By Sigrid Rosendahl
18 September, 2020
Brassiere, bandeau, shapewear, undergarment – is just a few, of many names of the design that we love and know today as, the bra. A design that consists of complex pieces of garment and has a big meaning. There are more than 140 words for it and loads of different types, but what is the story behind the design that is worn in various different shapes and styles?
Right up until the beginning of the 20th century the corset was worn by women to shape the coveted wasp waist. That was until the innovative socialiter from New York, Mary Phelps Jacobs, in 1913 became exasperated with the antiquated corsets after she found out it was impossible to prevent the support rods from the corsets from poking out from underneath the fabric of her evening gown. Mary Phleps Jacob was determined to create something more comfortable to wear and decided to throw away the uncomfortable corset and instead had her French maid help her sew two silk handkerchiefs together using some pink ribbon and cord, making the result of her undergarment soft and light.
Soon friends. family and even strangers wanted to purchase the new accessory making Mary Phleps Jacob realize the potential of her creative design, so she quickly patented the ‘Backless Brassiere’ and started selling the new type of bra design under the name ‘Caresse Crosby’ and this was the beginning of the bra as we know it today.
Just two years after Mary Phelps Jacobs handkerchief trick, changes were happening in the women’s fashion industry, and by the 1920s most women had adopted the brassiere and companies such as Lovable and Maiden Form catered for the demands for bras. The evolution of the bra shows how much the design of two handkerchiefs have come.
1920s – The flat boyish look.
After the corset was totally ditched, women opted for tight bandeau tops that flattered womens breasts to give them a more boyish shape and androgynous look.
1940s – The torpedo style.
Women were working at factories during World War II and the bullet/torpedo-shaped bra gained popularity because it offered added protection for gals.
1950s – The sweater-girl look.
The populair Sweater Girl look, was a busty and wholesome ‘girl next door’ with pointy breast was in particular made popular by actresses like Jane Russell and Marilyn Monroe, whose tight-fitting garments accentuated their enhanced curves.
1960s – Hello push up bra.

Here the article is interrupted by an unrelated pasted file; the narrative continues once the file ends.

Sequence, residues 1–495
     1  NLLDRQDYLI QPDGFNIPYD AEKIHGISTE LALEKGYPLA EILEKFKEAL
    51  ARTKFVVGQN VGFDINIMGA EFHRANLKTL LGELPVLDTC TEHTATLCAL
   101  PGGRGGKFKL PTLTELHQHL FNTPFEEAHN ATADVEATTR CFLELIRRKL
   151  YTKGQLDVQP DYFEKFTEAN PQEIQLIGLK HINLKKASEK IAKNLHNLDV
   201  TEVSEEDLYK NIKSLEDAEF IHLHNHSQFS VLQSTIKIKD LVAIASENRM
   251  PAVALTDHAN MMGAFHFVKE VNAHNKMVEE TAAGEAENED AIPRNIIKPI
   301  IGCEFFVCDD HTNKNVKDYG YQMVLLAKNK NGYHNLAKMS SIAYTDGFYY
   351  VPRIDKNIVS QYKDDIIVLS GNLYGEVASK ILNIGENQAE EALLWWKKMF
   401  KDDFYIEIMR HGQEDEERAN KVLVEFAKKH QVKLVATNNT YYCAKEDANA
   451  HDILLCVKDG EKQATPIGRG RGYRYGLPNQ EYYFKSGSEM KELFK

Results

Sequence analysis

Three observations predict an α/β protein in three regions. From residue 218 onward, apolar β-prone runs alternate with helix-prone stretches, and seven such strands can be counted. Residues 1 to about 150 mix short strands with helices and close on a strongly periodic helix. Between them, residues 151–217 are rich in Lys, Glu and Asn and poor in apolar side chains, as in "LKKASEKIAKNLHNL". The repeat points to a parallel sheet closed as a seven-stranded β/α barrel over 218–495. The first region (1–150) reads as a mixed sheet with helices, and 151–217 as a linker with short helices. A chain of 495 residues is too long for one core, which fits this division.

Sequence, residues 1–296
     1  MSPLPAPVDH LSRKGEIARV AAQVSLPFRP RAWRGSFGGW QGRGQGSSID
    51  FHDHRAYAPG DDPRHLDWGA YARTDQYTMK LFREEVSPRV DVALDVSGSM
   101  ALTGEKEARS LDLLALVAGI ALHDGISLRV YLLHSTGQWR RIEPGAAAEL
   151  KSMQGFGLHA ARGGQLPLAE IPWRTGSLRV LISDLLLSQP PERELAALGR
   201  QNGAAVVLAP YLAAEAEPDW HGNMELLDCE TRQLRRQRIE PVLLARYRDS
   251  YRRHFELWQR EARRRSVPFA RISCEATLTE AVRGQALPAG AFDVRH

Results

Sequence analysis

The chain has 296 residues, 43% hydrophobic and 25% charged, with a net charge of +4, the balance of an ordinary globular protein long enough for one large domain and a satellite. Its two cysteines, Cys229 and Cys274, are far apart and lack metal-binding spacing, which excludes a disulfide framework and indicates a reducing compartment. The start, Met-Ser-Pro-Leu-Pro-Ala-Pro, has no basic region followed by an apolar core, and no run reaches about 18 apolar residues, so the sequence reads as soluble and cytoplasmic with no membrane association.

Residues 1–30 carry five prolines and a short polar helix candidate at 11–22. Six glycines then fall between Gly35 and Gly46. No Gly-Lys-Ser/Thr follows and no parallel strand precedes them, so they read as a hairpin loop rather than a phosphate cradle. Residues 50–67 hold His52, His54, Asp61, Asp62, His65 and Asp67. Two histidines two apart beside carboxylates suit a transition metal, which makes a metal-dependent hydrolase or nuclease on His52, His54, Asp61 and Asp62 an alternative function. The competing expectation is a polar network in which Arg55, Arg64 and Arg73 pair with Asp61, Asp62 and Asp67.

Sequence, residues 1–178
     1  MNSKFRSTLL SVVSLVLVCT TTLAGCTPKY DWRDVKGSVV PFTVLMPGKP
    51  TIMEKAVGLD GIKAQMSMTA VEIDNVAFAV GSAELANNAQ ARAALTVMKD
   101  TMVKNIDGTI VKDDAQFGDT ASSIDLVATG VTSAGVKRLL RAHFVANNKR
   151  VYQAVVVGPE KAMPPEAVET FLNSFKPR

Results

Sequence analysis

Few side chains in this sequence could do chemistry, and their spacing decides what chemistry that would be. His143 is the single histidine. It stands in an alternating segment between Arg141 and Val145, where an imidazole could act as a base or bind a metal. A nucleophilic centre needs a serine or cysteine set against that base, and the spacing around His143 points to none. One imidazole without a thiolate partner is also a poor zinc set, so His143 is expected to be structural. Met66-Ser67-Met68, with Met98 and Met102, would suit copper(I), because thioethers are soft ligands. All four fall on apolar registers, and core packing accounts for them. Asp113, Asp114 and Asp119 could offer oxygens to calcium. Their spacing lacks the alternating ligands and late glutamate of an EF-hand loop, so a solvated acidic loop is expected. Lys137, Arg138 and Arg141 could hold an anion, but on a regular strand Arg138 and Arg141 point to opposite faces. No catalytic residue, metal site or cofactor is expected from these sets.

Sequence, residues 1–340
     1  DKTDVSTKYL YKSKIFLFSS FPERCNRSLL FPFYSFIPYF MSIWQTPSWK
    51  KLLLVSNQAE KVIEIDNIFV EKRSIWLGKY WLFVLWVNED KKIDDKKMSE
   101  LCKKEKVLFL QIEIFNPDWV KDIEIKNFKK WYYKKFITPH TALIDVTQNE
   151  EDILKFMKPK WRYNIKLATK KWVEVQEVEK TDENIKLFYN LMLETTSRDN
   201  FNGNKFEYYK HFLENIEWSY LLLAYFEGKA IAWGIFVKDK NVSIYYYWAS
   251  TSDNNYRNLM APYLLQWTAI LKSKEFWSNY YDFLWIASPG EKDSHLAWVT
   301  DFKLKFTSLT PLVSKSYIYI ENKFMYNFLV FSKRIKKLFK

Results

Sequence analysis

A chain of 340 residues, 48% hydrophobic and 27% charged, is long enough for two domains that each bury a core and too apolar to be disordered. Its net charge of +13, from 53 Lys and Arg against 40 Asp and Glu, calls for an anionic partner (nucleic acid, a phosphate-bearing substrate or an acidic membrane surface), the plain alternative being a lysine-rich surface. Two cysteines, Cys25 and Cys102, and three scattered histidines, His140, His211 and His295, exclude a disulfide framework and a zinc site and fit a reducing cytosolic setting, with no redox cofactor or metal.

The push up bra was first designed in Canada by a lingerie company, The Wonderbra. The first company to lift and push bustlines together.
1970s – The decade that gave us the sports bra and Victory Secret.
In 1977 to be exact, the ‘Jogbra’, became the first sports bra for women as exercising and fitness became more popular. Alongside with that, there was a clear need for something to support women’s breasts.
While the jogbra hit the scene, another megabrand hit the stage in California in 1977 – Victoria Secret – The lingerie company who would be a women’s lingerie-only shop.
1980s – The wear or tear decade.
Getting into the 1980s women were asserting their feminism. They were either not wearing a bra or were wearing lingerie that didn’t show.
1990s – Welcome back cleavage.
About 30 years after the original design, the push-up bra had a comeback, and Wonderbra had its moment, skyrocketing to popularity among women.
2000s – Million dollar bra, baby.
The economy changed, and so did the prices of lingerie. Victoria Secret had supermodel Giselle Bündchen wear a $15 Million ‘Red Hot Fantasy Bra’. Besides million dollar bras, the 2000s also brought a range of new designs like, strapless, one strap and even a new take on the corset – a corset bra.
2010 – Foam it.
Comfort and sexiness now goes hand in hand, thanks to memory foam that is used in the 10s bras, that helps shape women’s breasts with underwire, lace, bustier, bullet or corset – all optional.
2020s – What’s next.
Going through the evolution of lingerie design shows how many options we have today, it’s pretty exciting to see what’s next. One thing is for sure, the bra will be an item that comes and goes in popularity with many women. Look below on what different kind of bras that strolled down the catwalk to be in style for 2020.